17. 17. Expected Impacts of Climate Change   Warming: Heat waves and periods of unusually warm weather   Sea level rise: In Recife, Brazil, shoreline has receded by more than 2.4m/yr since 1985, due to sea level rise and loss of sediment supply)   Glaciers melting: Europe's Alpine glaciers have lost half their volume since 1850. US Government predicts no glaciers left in Montana's Glacier National Park by 2030   Human Health: Weather related mortality, infectious disease, decreasing air quality - respiratory illnesses
  18. 18. Sources of CO2 in the Nuclear Fuel Cycle   CO2 is emitted at every stage of the 7 stages of the nuclear fuel cycle  Uranium mining  Uranium milling  Uranium conversion  Enrichment  Fabrication into fuel rods  Reactor operations  Waste disposal
  19. 19. Nuclear Fuel Cycle
  20. 20. Mining and milling   Uranium is usually mined by either surface (open cut) or underground mining techniques and sent to a mill usually located close to the mine.   At the mill, uranium ore is crushed and ground to a fine slurry which is leached in sulfuric acid to allow the Energy Intensity of Ore Mining separation of uranium from the 3,000 waste rock. It is then recovered Energy Intensity (TJ/kt) 2,500 from solution and precipitated as uranium oxide (U308) concentrate. 2,000 1,500   Mining and milling operations produce CO2 associated with use 1,000 of diesel, natural gas & electricity. 500   Uranium mining is one of the most 0 Iron Nickel- Gold Uranium CO2 intensive industrial operations copper
  21. 21. Core issues of uranium mining   Uranium and its decay products buried deep in the earth are brought to surface.   Radon gas produced in the mine causes lung cancer.   Leftover piles of materials or ‘uranium tailings’ contain over a dozen radioactive materials.   There is no perfect storage of these radioactive materials to prevent them from finding their way into the soil, water, plants, animals, fish and humans.   According to the latest available facts admitted to by British Nuclear Regulatory Board, there is no such thing as a ‘safe dose’ of nuclear radiation.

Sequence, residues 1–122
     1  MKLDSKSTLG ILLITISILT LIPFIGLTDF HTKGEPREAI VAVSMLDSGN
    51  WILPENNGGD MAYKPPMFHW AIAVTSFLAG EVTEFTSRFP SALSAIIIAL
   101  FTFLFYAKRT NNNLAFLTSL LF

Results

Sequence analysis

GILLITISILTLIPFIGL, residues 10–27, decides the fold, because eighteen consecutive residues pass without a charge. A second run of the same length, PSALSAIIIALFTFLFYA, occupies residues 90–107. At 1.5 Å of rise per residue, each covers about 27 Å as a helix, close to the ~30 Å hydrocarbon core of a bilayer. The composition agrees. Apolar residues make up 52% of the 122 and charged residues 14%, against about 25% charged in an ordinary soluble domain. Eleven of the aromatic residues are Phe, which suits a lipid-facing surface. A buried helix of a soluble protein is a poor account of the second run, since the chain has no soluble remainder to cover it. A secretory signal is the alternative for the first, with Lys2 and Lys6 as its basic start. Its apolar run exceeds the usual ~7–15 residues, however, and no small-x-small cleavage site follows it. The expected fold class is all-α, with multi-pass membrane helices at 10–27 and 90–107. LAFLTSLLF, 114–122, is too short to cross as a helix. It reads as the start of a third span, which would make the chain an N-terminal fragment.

22. 22. Conversion   Uranium needs to be in form of a gas before it can be enriched, the uranium oxide (U308) is converted into the gas uranium hexafluoride (UF6) at a conversion plant   UF6 is then pressurized/cooled to a liquid, drained into 14-ton cylinders where it solidifies, then shipped to an enrichment plant.   Conversion operations produce CO2 associated with electricity and diesel for transport to enrichment plant.
  23. 23. Enrichment   Transforming uranium ore into enriched fuel pellets in very energy intensive   Enrichment process is principally gaseous diffusion of uranium hexaflouride gas   Enrichment operations produce CO2 associated with electricity use. It is the overwhelming majority of the energy input to the nuclear fuel cycle.
  24. 24. Fuel fabrication   Enriched uranium hexafluoride (UF6) is transported to a fuel fabrication plant where it is converted to uranium dioxide (UO2) powder and pressed into small pellets.   Fuel is transported to power plants using all major transportation modes (rails, water, trucks)   Fuel fabrication produce CO2 emissions through electricity and the diesel fuel used in transport to the fuel fabrication and reactor sites
  25. 25. Reactor Operations   As in fossil-fuel burning electricity generating plants, heat is generated to produce steam to drive a turbine and an electric generator.   Reactor operations produce CO2 emissions through routine fossil fuel use in emergency diesel generator testing, diesel fire pump testing, and house heating boiler testing